Draconian Overlord

Oppressing software entropy

Scala Per-Instance Singletons

I was reading about Lift and came across a funky scala syntax:

class Foo {
  object bar {
    val name = "bob"
  }
}

This:

  1. Declares a Foo.bar field
  2. Declares a bar inner class
  3. Adds a Foo.bar() method that lazy-instantiates a single instance of the bar inner class for each Foo instance

Looking at the decompiled code, it makes more sense:

import java.rmi.RemoteException;
import scala.ScalaObject;

public class Foo implements ScalaObject {
    private bar. bar$module;

    public Foo() {
    }

    public final bar. bar() {
        class bar. implements ScalaObject {
            private final String name = "bob";
            public bar.() {
                super();
            }
            public String name() {
                return name;
            }
            public int $tag() throws RemoteException {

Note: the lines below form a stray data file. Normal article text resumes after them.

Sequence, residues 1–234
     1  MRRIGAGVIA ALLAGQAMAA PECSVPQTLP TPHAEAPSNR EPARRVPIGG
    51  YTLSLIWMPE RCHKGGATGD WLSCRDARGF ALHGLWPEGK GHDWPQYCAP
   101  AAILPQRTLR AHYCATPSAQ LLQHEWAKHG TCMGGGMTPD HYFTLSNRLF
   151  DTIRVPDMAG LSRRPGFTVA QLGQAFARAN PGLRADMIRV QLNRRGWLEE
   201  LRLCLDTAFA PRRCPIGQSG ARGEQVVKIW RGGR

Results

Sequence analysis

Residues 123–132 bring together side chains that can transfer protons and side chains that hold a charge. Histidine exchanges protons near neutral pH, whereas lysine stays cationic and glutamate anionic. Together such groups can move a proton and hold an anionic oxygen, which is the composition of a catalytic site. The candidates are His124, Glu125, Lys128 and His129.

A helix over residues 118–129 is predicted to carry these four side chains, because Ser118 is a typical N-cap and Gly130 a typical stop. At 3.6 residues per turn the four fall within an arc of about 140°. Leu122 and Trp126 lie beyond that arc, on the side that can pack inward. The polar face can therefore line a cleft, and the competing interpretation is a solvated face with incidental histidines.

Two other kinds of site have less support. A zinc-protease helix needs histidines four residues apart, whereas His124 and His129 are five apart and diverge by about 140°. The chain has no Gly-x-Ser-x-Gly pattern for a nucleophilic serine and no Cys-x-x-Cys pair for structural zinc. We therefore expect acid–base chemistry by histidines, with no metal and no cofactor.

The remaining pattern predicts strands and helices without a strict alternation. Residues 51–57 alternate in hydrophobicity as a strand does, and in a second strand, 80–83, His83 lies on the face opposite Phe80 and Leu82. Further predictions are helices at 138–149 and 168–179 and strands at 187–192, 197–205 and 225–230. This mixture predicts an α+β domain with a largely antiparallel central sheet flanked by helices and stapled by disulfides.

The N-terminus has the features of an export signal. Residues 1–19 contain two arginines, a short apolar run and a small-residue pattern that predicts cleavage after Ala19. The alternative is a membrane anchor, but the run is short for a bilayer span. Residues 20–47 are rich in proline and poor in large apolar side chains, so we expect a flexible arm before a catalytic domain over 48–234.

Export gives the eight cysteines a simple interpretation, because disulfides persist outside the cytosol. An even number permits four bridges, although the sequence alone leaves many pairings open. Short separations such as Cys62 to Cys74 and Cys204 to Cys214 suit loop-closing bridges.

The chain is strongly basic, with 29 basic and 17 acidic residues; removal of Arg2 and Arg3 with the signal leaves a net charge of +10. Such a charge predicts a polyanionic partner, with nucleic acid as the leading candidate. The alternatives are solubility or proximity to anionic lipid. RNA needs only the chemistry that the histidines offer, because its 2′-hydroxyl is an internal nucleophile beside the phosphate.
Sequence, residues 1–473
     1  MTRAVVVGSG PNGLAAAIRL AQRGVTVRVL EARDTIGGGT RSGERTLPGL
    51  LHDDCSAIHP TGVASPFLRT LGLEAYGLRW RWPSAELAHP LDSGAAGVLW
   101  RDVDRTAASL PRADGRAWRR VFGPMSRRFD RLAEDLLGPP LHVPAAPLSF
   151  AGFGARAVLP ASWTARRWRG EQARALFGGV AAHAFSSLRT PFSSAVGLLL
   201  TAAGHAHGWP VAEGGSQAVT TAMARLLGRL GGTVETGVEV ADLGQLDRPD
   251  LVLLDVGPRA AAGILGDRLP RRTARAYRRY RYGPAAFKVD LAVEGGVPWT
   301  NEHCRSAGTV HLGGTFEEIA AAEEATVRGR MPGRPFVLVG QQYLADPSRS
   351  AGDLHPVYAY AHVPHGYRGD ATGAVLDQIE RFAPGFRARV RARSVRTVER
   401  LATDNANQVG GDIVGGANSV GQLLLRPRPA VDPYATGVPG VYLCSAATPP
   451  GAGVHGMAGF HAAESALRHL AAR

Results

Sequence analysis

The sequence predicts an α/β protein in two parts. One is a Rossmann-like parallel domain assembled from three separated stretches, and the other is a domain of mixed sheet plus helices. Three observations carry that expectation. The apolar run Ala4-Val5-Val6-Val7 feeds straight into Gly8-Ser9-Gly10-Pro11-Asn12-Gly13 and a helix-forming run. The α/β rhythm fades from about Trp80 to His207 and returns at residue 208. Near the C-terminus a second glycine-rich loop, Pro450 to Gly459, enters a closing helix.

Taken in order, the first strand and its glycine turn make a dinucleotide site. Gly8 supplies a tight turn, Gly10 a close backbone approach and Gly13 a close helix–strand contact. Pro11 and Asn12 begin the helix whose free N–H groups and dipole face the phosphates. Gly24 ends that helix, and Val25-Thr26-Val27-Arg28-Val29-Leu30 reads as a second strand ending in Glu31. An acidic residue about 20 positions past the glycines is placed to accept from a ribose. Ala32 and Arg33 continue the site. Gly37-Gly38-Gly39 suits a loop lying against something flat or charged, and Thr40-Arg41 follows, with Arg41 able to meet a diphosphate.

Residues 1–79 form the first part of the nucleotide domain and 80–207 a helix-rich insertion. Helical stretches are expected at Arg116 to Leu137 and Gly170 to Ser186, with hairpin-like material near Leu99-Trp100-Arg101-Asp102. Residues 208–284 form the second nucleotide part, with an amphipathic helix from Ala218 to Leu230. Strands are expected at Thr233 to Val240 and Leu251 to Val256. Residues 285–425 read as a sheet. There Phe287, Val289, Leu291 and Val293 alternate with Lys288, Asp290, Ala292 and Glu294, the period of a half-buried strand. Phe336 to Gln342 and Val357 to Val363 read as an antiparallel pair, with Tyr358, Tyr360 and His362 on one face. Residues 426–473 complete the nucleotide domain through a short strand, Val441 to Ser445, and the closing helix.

return scala.ScalaObject.class.$tag(this);
            }
        }
        if(bar$module == null)
            bar$module = new bar.();
        return bar$module;
    }
    public int $tag() throws RemoteException {
        return scala.ScalaObject.class.$tag(this);
    }
}

My one curiosity is the lack of synchronization in the lazy initialization. I don’t know about the official Scala docs, but Lift insinuated an “inner object” declaration was a singleton, not a singleton-unless-you-have-lots-of-threads.

If you use top-level object declarations, it seems to make more sense:

object Bar {
  def zaz() = {
    println("hi")
  }
}

As this is decompiled to:

public final class Bar {
  public static final void zaz() {
    Bar..MODULE$.zaz();
  }

  public static final int $tag() throws RemoteException {
    return Bar..MODULE$.$tag();
  }
}

public final class Bar$ implements ScalaObject {
  public static final Bar$ MODULE$;

  static {
    new Bar$();
  }

  public Bar$() {
    MODULE$ = this;
  }

  public void zaz() {
    Predef..MODULE$.println("hi");
  }
  public int $tag() throws RemoteException {
    return ScalaObject.class.$tag(this);
  }
}

This uses the Bar$ static initializer to ensure there is just one instance of Bar$. Which works great.

“Inner” object declarations not being true singletons is probably not a big deal, it was just something I was curious about.